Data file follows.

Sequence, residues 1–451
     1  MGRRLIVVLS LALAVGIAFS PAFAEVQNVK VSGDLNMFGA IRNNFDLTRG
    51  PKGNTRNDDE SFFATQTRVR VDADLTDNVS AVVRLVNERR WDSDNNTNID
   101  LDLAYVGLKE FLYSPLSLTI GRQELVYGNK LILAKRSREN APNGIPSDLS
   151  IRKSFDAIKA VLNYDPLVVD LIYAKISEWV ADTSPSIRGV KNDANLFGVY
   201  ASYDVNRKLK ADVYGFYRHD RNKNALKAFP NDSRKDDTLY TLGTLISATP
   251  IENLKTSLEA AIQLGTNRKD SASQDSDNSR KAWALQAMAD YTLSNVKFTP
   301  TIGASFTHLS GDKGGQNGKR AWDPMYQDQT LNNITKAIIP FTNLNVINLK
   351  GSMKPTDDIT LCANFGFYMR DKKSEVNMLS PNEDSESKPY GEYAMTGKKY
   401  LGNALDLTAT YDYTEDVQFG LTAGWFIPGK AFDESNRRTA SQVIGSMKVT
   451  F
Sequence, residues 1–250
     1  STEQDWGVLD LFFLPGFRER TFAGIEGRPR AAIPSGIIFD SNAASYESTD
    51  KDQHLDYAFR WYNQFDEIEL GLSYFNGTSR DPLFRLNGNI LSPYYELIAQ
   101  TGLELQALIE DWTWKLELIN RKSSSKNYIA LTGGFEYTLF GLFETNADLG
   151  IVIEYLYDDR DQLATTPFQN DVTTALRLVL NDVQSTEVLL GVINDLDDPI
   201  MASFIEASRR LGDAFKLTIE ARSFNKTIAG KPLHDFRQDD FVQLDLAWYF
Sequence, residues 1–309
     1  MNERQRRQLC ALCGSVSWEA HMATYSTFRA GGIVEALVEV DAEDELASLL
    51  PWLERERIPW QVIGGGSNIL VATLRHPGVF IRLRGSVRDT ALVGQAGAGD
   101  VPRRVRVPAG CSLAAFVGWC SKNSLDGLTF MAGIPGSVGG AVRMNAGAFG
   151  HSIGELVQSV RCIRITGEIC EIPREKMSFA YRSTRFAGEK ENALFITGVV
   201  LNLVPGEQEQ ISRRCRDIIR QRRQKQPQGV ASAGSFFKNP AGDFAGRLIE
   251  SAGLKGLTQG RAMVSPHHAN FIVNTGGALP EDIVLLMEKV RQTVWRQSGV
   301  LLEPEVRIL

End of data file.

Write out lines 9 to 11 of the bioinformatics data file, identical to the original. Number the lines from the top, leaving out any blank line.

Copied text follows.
   351  GSMKPTDDIT LCANFGFYMR DKKSEVNMLS PNEDSESKPY GEYAMTGKKY
   401  LGNALDLTAT YDYTEDVQFG LTAGWFIPGK AFDESNRRTA SQVIGSMKVT
   451  F